As part of the NETL-managed University Coal Research (UCR) program, a team led by Carnegie Mellon University (CMU) recently completed a project that contributed to the training of several university students and researchers while advancing sensor technology to measure strain in an extreme environment. The team leveraged advanced 3D printing techniques to create new in-situ monitoring sensors capable of measuring the strain, or pull, on an object — even in the high-temperature environments of fossil energy applications. The team’s novel sensors have potential to lead transformative improvements in system performance and efficiency, resulting in more affordable and reliable energy for the nation.
Strain gauges are important components of many engineered creations, including bridges, airplanes and railroads, but in energy systems like coal-fired power plants, in-situ measurement of strain is especially difficult due to high heat and pressure. In the project, CMU Associate Professor Rahul Panat and his team of researchers from Washington State University and the University of Texas at El Paso (UTEP) turned to 3D printing to devise a solution.
Traditional strain gauges are manufactured as a solid film, and as they are stretched end-to-end, the film contracts, or narrows side-to-side. Greater contraction leads to more sensitivity for the sensor; however, a solid film can only contract by a ratio of 0.5 compared to how far it is stretched. The researchers discovered they could use an aerosol jet 3D printing method to create a porous film that can contract by a ratio of approximately 0.7, or around 40% more, which significantly increased sensor sensitivity. In addition, the porous films created by CMU are much more resistant to thermal expansion, which also helps to reduce errors in the sensing process due to the natural expansion of solid materials at high temperatures.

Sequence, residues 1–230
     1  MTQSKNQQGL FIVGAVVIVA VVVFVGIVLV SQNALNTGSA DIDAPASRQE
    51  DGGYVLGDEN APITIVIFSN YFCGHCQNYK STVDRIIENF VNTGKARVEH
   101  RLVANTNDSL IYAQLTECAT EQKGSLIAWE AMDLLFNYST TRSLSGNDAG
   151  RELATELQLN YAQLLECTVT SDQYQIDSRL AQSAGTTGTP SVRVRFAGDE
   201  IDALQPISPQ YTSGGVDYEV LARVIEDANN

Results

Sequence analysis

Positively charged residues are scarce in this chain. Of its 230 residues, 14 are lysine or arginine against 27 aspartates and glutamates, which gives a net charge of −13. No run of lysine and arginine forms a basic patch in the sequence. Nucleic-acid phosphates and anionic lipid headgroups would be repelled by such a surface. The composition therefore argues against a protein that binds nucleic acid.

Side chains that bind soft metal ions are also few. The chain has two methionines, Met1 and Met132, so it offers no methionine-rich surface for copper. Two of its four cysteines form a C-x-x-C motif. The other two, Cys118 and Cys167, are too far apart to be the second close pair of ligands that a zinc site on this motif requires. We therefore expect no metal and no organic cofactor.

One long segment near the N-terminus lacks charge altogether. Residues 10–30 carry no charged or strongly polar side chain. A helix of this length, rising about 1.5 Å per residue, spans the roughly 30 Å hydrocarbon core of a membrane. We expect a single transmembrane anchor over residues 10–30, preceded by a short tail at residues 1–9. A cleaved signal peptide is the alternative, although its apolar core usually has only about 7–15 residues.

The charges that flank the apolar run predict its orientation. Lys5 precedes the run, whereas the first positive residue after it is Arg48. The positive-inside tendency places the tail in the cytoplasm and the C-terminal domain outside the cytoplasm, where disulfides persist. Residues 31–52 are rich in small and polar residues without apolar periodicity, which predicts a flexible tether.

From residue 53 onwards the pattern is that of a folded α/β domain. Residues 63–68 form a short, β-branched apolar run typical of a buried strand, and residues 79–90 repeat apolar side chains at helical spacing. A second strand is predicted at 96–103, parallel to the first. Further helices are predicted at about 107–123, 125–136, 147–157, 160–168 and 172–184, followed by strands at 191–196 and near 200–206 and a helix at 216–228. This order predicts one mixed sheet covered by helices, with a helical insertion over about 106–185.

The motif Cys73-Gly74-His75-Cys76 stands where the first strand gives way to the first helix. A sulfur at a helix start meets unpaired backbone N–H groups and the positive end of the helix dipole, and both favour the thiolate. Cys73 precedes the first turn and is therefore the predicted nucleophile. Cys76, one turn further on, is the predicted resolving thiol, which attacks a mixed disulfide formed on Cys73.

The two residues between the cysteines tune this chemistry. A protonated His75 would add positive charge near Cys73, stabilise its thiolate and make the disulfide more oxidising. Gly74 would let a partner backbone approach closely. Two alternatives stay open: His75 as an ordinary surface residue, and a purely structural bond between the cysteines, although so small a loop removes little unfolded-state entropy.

This successful research project supported nine student researchers, including two doctoral students, two master’s students, two undergraduate students and three postdoctoral researchers. Additionally, three of the students were affiliated with UTEP, which is a Minority Serving Institution, including one Hispanic, first generation college graduate. The students regularly presented the high-temperature sensor work at prestigious conferences and universities as invited talks, and seven peer-reviewed journal papers were published on this work, with two others in preparation. Many of the students have transitioned to prominent positions in industry and academia, including the Intel Corporation and Blue Origin.
UCR was designed to prepare the next generation of scientists and engineers to meet future energy challenges, and this CMU-led project represented an excellent example of the value of the program, in which university students collaborated to solve an important problem, significantly improving the sensitivity of strain gauges and increasing their capabilities in high-temperature applications.
NETL is a U.S. Department of Energy national laboratory that produces technological solutions for America’s energy challenges. From developing creative innovations and efficient energy systems that make coal more competitive, to advancing technologies that enhance oil and natural gas extraction and transmission processes,
NETL research is providing breakthroughs and discoveries that support domestic energy initiatives, stimulate a growing economy, and improve the health, safety, and security of all Americans. Highly skilled men and women at NETL’s sites in Albany, Oregon; Anchorage, Alaska; Houston, Texas; Morgantown, West Virginia; and Pittsburgh, Pennsylvania conduct a broad range of research activities that support DOE’s mission to advance the national, economic, and energy security of the United States.